I might actually buy the hardcover or ebook version of this book because the story was really interesting. There were a lot of things about the Anthony Case in this book that Jose Baez didn't go into in his book. If were Mr. Mason, I'd be very upset about what the narrator did to my book and demand that it be redone by someone else.

  • Just Mercy

  • A Story of Justice and Redemption
  • By: Bryan Stevenson
  • Narrated by: Bryan Stevenson
  • Length: 11 hrs and 5 mins
  • Unabridged
  • Overall
    5 out of 5 stars 7,616
  • Performance
    4.5 out of 5 stars 6,896
  • Story
    5 out of 5 stars 6,867

Bryan Stevenson was a young lawyer when he founded the Equal Justice Initiative, a legal practice dedicated to defending those most desperate and in need: the poor, the wrongly condemned, and women and children trapped in the farthest reaches of our criminal justice system. One of his first cases was that of Walter McMillian, a young man who was sentenced to die for a notorious murder he insisted he didn’t commit.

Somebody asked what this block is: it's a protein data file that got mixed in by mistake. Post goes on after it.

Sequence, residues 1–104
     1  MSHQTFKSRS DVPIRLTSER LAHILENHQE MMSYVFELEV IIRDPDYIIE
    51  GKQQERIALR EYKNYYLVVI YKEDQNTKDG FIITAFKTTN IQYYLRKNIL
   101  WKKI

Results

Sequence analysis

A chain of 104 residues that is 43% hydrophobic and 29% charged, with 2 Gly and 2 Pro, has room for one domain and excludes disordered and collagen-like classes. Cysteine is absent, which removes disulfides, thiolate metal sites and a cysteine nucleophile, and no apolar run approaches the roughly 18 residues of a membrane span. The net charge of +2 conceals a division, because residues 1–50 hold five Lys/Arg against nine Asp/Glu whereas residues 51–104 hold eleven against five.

• 5 out of 5 stars
  • Made me question justice, peers and myself.

  • By Kristy VL on 04-17-15

A Heartfelt Indictment of the Death Penalty

Overall
5 out of 5 stars
Performance
5 out of 5 stars
Story
5 out of 5 stars

Reviewed: 02-09-17

Would you recommend this audiobook to a friend? If so, why?

I would recommend this book to anyone who is on the fence about whether or not the death penalty should be used as punishment in the US. The tales of the people whose lives are sacrificed on the altar of justice will make you question whether it's justice at all.

What about Bryan Stevenson’s performance did you like?

You can feel how sincere he is about the work that he does and that he genuinely and truly cares for the people he's worked with, that he speaks about.

Was this a book you wanted to listen to all in one sitting?